A few years ago, I wrote a cookbook on air frying. I vowed from the beginning to only develop recipes that benefited from being cooked in a special gadget by at least one of two metrics: The food is cooked dramatically faster than traditional methods — good for time-crunched cooks, or anyone who doesn’t want their oven on for hours in the middle of summer — or it drastically improves the quality or texture of the dish over other methods such as oven-roasting or actual deep-frying.
I was surprised to learn that all vegetables score high on both scales. In the air fryer, they cook faster and the high, dry heat circulating around them gets them golden brown to a degree that I’ve never achieved in a conventional oven alone.
I found squishy, spongy and sometimes slimy vegetables including eggplant, okra and, particularly, summer squash and zucchini are transformed completely in the air fryer, a vast improvement over their oven-roasted counterparts.
In an air fryer, they get blistered and caramelized and partially dehydrate — an effect of the fan in air fryers that blasts heat around them like a jet turbine. In the air fryer, more water inside the vegetables is removed, concentrating their flavor. Ever since, I have been air frying summer squash because its oft-maligned wateriness and lack of flavor is no longer an issue — and it takes half the time to cook.
This recipe can be made both in the oven and in the air fryer, but know that the oven method will take twice as long to cook the squash, and it will heat up your kitchen, unlike the air fryer. Either way, salt the chopped squash first to help draw out some of its moisture and season it to the core, ensuring it has maximum flavor. After squeezing and drying it, toss it with a little oil and roast or air-fry it until it’s golden brown and caramelized outside and creamy inside.
Growing up in the South, I ate more cream-soaked squash casseroles than I care to remember (Why soak something already so watery with more liquid?) so instead, I opt to balance the squash’s milky richness with a showering of extra-crunchy toasted breadcrumbs brightened with lemon zest and lots of fresh chives. It’s a treatment that — like air frying — improves the squishy lot in life that summer squash is given.
Air Fried Summer Squash With Chive Breadcrumbs
Time: 55 minutes
Yields: Serves 2
Zucchini, which is slightly hardier, will take a little longer to cook than softer yellow summer squash, so be prepared if you go that route. And although it seems like a lot of salt for the squash, it’s needed to coat it well and give it flavor — besides most of it will fall off once you squeeze and dry the squash. If you don’t have an air fryer or want to make this recipe in a conventional oven, see the Variation, below.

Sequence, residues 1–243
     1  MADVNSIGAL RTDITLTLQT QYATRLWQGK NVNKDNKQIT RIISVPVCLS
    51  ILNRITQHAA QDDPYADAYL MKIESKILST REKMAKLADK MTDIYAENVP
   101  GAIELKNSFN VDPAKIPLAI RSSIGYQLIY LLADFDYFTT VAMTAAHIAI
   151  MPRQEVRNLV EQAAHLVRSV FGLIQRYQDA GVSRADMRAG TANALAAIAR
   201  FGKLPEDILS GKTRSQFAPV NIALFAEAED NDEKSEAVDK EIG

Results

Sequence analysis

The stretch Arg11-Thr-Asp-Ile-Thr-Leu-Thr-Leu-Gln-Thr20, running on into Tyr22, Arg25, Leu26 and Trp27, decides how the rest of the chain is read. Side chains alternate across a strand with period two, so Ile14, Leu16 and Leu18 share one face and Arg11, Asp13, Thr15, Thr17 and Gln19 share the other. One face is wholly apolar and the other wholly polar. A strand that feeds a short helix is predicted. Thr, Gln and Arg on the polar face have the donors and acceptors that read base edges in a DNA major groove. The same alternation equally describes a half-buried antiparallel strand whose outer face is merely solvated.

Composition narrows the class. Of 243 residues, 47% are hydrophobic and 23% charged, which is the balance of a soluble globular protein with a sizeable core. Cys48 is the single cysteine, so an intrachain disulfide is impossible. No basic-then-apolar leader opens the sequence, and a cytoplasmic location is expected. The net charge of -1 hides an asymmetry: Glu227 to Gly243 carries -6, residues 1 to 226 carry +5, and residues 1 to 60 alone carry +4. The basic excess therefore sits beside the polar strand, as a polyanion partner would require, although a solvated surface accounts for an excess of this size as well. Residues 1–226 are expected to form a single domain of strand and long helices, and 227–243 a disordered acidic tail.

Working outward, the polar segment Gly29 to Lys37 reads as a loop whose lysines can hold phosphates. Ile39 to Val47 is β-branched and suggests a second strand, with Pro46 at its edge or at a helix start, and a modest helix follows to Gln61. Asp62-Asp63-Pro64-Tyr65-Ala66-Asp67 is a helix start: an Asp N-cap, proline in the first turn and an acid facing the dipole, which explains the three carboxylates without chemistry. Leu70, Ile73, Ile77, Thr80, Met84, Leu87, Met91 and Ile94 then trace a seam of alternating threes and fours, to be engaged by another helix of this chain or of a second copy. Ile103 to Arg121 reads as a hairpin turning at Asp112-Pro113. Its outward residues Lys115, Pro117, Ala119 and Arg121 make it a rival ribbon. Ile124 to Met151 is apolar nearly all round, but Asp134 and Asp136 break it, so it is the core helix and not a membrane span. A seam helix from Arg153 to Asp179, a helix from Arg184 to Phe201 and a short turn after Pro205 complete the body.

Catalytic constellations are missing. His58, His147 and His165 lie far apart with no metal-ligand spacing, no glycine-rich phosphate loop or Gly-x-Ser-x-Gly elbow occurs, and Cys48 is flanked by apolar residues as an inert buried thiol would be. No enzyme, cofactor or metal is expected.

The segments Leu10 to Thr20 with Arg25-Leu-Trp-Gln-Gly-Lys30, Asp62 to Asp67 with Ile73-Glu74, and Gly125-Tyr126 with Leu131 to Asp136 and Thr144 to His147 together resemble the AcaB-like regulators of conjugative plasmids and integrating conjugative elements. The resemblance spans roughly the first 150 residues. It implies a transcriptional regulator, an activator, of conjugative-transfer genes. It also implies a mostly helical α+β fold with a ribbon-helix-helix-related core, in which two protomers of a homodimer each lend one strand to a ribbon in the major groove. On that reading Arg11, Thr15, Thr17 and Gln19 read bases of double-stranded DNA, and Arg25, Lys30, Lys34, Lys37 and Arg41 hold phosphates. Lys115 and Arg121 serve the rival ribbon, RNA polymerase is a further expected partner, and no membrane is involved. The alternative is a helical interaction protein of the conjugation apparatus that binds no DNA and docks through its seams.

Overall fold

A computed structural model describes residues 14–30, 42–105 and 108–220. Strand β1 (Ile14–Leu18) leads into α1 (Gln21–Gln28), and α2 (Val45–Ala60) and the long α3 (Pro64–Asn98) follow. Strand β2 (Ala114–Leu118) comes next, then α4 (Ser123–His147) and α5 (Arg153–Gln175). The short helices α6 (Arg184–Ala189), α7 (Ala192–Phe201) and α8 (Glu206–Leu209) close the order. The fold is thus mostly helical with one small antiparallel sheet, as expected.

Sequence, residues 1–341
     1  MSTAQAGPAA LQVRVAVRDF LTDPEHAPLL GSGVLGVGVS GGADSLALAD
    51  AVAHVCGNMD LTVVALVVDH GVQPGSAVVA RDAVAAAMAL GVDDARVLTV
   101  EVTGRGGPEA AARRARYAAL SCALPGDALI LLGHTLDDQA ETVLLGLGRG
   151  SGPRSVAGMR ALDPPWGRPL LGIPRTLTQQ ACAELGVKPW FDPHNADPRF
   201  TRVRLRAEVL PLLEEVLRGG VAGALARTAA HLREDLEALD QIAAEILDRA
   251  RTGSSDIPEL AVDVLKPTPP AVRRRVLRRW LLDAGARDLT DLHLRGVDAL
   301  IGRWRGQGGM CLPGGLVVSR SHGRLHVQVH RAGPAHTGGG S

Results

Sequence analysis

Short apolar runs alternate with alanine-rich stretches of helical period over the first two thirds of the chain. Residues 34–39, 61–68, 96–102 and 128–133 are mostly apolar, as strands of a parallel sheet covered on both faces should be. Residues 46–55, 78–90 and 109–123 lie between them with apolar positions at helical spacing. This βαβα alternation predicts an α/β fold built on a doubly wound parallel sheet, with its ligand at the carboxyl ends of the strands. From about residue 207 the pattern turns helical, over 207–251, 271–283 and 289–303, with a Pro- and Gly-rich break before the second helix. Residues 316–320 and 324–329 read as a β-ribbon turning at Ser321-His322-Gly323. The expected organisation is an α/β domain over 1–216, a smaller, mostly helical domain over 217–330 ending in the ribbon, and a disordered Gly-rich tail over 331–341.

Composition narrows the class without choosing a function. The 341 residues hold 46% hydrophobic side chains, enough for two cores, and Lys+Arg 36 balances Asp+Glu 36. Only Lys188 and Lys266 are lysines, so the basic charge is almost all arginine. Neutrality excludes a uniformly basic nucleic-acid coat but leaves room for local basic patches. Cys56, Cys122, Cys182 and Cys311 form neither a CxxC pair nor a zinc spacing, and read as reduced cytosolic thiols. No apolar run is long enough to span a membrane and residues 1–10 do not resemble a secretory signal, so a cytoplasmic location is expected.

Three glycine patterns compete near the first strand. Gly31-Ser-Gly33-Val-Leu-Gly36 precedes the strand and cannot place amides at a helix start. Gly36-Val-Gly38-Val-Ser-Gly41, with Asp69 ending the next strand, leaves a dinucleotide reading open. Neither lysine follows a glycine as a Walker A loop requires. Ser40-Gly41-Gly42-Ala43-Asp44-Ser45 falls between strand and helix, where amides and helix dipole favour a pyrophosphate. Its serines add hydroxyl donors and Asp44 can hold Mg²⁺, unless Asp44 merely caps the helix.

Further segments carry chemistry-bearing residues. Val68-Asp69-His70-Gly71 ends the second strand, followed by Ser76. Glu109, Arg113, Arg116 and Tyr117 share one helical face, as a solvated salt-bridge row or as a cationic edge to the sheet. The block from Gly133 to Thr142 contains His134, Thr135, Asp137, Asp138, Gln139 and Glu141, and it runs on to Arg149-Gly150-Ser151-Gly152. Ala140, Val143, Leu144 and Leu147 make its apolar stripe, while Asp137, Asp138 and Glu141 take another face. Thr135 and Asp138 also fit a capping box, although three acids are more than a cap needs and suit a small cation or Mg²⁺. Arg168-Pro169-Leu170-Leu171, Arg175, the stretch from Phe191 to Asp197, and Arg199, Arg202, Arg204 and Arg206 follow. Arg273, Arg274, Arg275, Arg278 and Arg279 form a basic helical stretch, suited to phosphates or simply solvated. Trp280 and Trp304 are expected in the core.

1 pound summer squash and/or zucchini, rinsed and trimmed
1 teaspoon kosher salt, plus more
1 cup panko breadcrumbs
2 tablespoons plus 2 teaspoons everyday olive oil
1 garlic clove, minced
Freshly ground black pepper
Finely grated zest of 1 small or 1/2 large lemon
1/4 cup finely chopped chives
1. If using summer squash, cut the crooked neck section in half lengthwise, then crosswise into 1 1/2- to 2-inch pieces. For the larger bulb section, halve it lengthwise, then cut crosswise into 1-inch chunks. If using zucchini, quarter large ones or halve smaller ones lengthwise, then cut crosswise into 1- to 1 1/2-inch pieces. Place all the squash pieces in a colander set in your sink or over a bowl, sprinkle with the 2 teaspoons salt, then toss to evenly coat. Let the squash stand for at least 15 minutes or up to 2 hours.
2. Meanwhile, make the breadcrumbs: In a medium nonstick skillet, combine the breadcrumbs, 2 tablespoons olive oil and the garlic, then place over medium-high heat. Season the crumbs with salt and pepper and cook, tossing often, until golden brown and toasted, 4 to 5 minutes. Scrape the crumbs into a bowl, then stir in the zest while warm. Let the crumbs cool to room temperature, then stir in the chives.
3. Pick up handfuls of the squash and squeeze them with your hands to remove as much moisture as possible without completely smashing the squash before transferring them to a bed of paper towels or a kitchen towel. Once all the squash is on the towel, lightly press with more paper towels or another kitchen towel to dry off the outside of the squash.
Store the squeezed and dried squash between paper or kitchen towels on a plate or baking sheet in the refrigerator for up to 1 day before cooking.
4. Transfer the squash to a large bowl, drizzle with 2 teaspoons olive oil and season with pepper. Toss to coat the squash in the oil, then transfer the squash to the basket of a 3- to 6-quart air fryer, spreading them out in as even a layer as possible. Set the temperature to 425 degrees and the timer for 20 minutes. Cook, tossing the squash in the basket once halfway through cooking, until blistered and caramelized all over.
5. Once cooked, transfer all the squash to a serving platter or individual plates and top with the breadcrumbs. Serve while hot.
Conventional Oven Method: Use 2 pounds squash and toss it with 2 teaspoons kosher salt in Step 1. Heat the oven to 475 degrees. Transfer the squeezed and dried squash to a large, rimmed baking sheet and toss with 1 tablespoon plus 1 teaspoon olive oil. Season with pepper, then arrange skin side down on the sheet; this is admittedly tedious, but it helps to remove as much moisture as possible from the squash so its flavor is more concentrated. Roast, without disturbing, until deep golden brown on the bottom and caramelized on top, 35 to 40 minutes.
Store the breadcrumbs in an airtight container in the refrigerator for up to 3 days. Recrisp them in a skillet over medium heat just before using.